Malec v. MTV Networks Corp et al
MEMORANDUM Opinion and Order Signed by the Honorable John F. Grady on 12/20/2010. Mailed notice(cdh, )
Malec v. MTV Networks Corp et al
December 20, 2010
IN THE UNITED STATES DISTRICT COURT FOR THE NORTHERN DISTRICT OF ILLINOIS EASTERN DIVISION CARRIE MALEC, Plaintiff, v. MTV NETWORKS, VIACOM INC., NICOLE "SNOOKI" POLIZZI, JENNI "JWOWW" FARLEY, and OTHER UNIDENTIFIED EMPLOYEES OF CORPORATE DEFENDANTS, Defendants. ) ) ) ) ) ) ) ) ) ) ) ) )
No. 10 C 4092
MEMORANDUM OPINION Before the court is the motion of defendants Viacom Inc. and MTV Networks to dismiss plaintiff's complaint for improper venue pursuant to Federal Rule of Civil Procedure 12(b)(3). following reasons, the motion is granted. BACKGROUND Plaintiff, Carrie Malec, brings this diversity action against defendants Viacom Inc. ("Viacom"); MTV Networks ("MTV"), a division of Viacom;1 Nicole Polizzi; Jenni Farley; and unidentified For the
employees of Viacom and MTV.
The action relates to the taping of
an episode of "Jersey Shore," a reality show that is broadcast by
It is unclear from the filings whether MTV is a legal entity separate f r o m Viacom. The corporate defendants refer to MTV as a "division" of Viacom, b u t also refer to themselves as "defendants," plural, so we will treat them as t w o defendants.
Viacom on MTV, a cable television channel. cast members of "Jersey Shore."
Polizzi and Farley are
The complaint alleges that on May 6, 2010, Malec was at a nightclub in Miami, Florida where a "Jersey Shore" episode was being taped. She danced with a cast member or members of the show
and then signed an "Appearance Release" (the "Release") consenting to the use of her likeness in connection with the show. Malec
claims that thereafter, Polizzi and Farley along with unnamed employees of the corporate defendants "initiated an assault,
battered, and physically abused" her, causing bodily injury and severe emotional distress. (Corrected Compl. ¶ 16.) It is alleged that Viacom and MTV knowingly placed plaintiff "in a situation that would provoke physical harm in order to provide a television spectacle, endeavor." receive profits, and produce a lucrative business
(Corrected Compl. ¶ 17.)
As of the date the operative
complaint was filed (July 1, 2010), previews--which included the plaintiff--of the episode at issue had aired, but not the episode itself. (Corrected Compl. ¶ 21.)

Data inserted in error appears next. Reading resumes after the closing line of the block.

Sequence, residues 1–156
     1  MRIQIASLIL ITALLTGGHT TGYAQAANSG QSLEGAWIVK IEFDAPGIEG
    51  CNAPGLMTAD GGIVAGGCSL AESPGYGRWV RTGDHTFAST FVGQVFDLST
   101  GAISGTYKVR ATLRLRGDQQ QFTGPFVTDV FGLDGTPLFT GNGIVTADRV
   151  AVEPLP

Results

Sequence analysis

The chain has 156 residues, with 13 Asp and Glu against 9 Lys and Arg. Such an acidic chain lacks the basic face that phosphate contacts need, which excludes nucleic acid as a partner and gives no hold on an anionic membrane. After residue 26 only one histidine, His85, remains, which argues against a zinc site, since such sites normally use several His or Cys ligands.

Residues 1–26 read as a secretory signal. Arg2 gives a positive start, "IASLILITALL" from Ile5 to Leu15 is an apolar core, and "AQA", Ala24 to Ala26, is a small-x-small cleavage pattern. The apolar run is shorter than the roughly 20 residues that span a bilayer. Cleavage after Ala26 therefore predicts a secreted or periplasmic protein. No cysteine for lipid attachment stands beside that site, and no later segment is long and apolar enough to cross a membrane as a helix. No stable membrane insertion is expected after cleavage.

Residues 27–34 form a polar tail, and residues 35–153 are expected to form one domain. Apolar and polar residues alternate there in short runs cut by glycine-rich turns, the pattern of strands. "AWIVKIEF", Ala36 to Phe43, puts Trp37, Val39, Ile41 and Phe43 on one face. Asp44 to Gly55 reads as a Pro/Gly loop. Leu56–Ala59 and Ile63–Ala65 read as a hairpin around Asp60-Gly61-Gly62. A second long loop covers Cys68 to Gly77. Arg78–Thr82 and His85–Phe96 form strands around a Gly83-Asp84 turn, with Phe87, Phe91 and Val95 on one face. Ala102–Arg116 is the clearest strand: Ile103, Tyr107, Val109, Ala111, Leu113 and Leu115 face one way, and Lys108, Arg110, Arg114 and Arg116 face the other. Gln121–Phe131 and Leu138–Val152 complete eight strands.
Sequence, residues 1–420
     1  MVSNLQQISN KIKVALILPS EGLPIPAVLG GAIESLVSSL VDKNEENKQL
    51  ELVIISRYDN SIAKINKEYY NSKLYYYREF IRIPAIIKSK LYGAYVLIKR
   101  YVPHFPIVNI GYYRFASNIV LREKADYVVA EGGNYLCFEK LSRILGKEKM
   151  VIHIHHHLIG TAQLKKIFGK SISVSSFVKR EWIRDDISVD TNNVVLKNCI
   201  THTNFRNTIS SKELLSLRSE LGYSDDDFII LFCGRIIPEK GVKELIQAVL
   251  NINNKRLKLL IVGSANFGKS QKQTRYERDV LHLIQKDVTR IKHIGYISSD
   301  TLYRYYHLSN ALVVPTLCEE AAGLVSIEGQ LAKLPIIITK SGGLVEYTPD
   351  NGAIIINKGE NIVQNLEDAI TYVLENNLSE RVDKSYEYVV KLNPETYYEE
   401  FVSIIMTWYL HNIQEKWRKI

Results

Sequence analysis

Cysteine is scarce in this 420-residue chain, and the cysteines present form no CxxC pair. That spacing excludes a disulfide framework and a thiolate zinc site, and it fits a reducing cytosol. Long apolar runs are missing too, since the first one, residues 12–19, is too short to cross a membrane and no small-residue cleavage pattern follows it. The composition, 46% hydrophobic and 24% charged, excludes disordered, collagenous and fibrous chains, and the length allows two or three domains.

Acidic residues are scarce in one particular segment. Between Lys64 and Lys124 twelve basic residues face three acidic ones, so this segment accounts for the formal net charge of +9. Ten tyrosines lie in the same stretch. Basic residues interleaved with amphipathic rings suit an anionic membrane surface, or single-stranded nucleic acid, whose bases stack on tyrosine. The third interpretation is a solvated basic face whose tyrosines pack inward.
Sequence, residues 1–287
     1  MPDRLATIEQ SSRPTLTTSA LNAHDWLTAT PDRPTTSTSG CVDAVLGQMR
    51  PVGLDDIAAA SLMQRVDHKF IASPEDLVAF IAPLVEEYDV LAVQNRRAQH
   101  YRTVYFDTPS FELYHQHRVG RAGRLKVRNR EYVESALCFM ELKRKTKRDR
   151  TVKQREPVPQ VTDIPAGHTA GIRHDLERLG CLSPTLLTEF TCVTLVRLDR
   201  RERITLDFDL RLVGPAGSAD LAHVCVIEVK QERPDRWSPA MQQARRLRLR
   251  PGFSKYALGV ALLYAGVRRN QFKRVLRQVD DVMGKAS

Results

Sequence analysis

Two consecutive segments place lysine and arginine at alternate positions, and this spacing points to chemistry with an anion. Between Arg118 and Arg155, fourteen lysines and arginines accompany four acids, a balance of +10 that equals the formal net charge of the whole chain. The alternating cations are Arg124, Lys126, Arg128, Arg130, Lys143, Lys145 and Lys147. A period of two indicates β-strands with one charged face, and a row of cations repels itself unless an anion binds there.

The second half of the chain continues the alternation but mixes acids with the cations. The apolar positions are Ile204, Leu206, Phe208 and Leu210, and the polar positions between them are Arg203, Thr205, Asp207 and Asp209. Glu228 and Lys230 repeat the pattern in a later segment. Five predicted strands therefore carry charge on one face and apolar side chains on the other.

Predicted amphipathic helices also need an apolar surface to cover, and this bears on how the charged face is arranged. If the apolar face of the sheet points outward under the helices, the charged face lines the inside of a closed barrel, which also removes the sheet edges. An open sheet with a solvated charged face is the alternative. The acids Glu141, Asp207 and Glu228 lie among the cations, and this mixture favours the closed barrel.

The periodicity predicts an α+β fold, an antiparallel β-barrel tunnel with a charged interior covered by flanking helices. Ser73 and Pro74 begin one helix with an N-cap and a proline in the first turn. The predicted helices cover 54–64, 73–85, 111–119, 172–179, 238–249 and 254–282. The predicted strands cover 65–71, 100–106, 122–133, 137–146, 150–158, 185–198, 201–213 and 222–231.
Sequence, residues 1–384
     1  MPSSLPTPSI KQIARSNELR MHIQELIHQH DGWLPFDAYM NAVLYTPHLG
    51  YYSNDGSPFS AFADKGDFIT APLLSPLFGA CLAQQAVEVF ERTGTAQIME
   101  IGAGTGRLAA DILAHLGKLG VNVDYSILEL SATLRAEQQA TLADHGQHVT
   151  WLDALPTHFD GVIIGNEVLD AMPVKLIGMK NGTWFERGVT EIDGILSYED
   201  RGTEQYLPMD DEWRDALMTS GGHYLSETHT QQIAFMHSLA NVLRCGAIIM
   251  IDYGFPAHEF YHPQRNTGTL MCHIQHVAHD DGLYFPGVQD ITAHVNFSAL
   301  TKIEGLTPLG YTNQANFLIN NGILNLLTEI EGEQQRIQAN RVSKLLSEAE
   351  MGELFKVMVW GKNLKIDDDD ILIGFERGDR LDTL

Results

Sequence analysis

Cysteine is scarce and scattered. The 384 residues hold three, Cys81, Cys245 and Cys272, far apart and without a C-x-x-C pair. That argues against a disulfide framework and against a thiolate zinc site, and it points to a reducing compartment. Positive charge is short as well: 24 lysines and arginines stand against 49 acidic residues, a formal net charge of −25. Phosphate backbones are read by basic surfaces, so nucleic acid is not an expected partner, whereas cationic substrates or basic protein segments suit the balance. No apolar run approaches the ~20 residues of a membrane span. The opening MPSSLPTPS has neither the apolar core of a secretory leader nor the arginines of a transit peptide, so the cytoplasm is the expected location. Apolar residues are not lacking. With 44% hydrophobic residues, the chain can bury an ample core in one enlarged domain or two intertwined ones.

In Count I of the complaint, Malec seeks to enjoin Viacom and MTV from broadcasting or in any other way disseminating the episode featuring her. Count II is a claim against Viacom and MTV for
violation of Florida's RICO statute, Fla. Stat. Ann. § 772.103. Count III is a state-law assault and battery claim against all defendants.
Viacom and MTV now move for dismissal based on a forumselection clause in the Release. DISCUSSION "A challenge to venue based upon a forum selection clause can appropriately be brought as a motion to dismiss the complaint under Federal Rule of Civil Procedure 12(b)(3)." Muzumdar v. Wellness The
Int'l Network, Ltd., 438 F.3d 759, 760 (7th Cir. 2006).
Seventh Circuit has held that the validity of a forum-selection clause must be determined "by reference to the law of the
jurisdiction whose law governs the rest of the contract in which the clause appears." Abbott Labs. v. Takeda Pharm. Co., 476 F.3d
421, 423 (7th Cir. 2007); see also IFC Credit Corp. v. United Bus. & Indus. Fed. Credit Union, 512 F.3d 989, 991 (7th Cir. 2008). The Release contains the following clause: This Release shall be construed and enforced in accordance with the laws of the State of California applicable to agreements of this nature and you hereby consent to the exclusive jurisdiction and venue of said State. (Defs.' Mot. to Dismiss, Ex. B, at 2.) Therefore, pursuant to
Takeda, which is cited by neither plaintiff nor defendants,2 we must apply California law. Under California law, mandatory forum-selection clauses are valid and should be given effect unless enforcement of the clause
2/ Plaintiff contends that we should apply Florida law, and defendants c o n t e n d that we should apply Illinois law.
would be unfair or unreasonable, i.e., that the forum selected would be unavailable or unable to accomplish substantial justice. Intershop Commc'ns., AG v. Superior Court, 127 Cal. Rptr. 2d 847, 850 (Cal. Ct. App. 2002); Cal-State Bus. Prods. & Servs., Inc. v. Ricoh, 16 Cal. Rptr. 2d 417, 424-25 (Cal. Ct. App. 1993). The
choice of forum must have some rational basis in light of the facts underlying the transaction, and it must not bring about a result contrary to the public policy of California, but neither